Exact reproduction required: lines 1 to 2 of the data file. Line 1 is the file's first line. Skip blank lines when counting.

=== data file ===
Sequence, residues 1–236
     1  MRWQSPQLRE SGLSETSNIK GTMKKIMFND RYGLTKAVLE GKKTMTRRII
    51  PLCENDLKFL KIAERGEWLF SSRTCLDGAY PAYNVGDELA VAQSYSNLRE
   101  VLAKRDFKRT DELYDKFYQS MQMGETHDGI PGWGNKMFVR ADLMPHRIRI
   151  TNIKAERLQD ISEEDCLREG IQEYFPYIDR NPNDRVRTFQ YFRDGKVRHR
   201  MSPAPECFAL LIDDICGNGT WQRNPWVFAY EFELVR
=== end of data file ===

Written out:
Sequence, residues 1–236
     1  MRWQSPQLRE SGLSETSNIK GTMKKIMFND RYGLTKAVLE GKKTMTRRII